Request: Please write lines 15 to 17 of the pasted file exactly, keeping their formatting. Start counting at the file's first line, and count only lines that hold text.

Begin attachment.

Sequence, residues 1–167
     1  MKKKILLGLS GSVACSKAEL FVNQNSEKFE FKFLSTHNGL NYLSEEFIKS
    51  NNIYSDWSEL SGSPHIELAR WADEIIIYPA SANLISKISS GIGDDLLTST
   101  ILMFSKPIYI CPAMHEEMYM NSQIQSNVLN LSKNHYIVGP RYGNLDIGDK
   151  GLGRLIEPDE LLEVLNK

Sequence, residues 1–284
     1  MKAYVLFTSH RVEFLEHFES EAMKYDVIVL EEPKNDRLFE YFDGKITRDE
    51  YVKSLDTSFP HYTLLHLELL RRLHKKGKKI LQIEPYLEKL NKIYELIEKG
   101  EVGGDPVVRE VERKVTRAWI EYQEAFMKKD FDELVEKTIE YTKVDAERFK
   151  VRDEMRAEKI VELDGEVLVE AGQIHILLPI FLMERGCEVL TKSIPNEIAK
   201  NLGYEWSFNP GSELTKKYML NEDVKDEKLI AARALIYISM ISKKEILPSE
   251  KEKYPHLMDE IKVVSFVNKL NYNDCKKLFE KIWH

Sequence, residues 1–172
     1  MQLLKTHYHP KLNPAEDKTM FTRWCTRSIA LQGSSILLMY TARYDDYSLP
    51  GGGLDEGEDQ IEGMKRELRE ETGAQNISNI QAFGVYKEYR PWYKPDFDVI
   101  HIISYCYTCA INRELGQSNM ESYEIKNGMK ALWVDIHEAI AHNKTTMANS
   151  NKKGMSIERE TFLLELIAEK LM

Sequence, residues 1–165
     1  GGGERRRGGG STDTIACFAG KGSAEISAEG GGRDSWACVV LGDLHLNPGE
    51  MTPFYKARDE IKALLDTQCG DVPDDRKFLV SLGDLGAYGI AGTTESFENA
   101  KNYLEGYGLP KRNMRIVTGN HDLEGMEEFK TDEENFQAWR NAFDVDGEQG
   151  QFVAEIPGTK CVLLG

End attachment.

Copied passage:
    51  GGGLDEGEDQ IEGMKRELRE ETGAQNISNI QAFGVYKEYR PWYKPDFDVI
   101  HIISYCYTCA INRELGQSNM ESYEIKNGMK ALWVDIHEAI AHNKTTMANS
   151  NKKGMSIERE TFLLELIAEK LM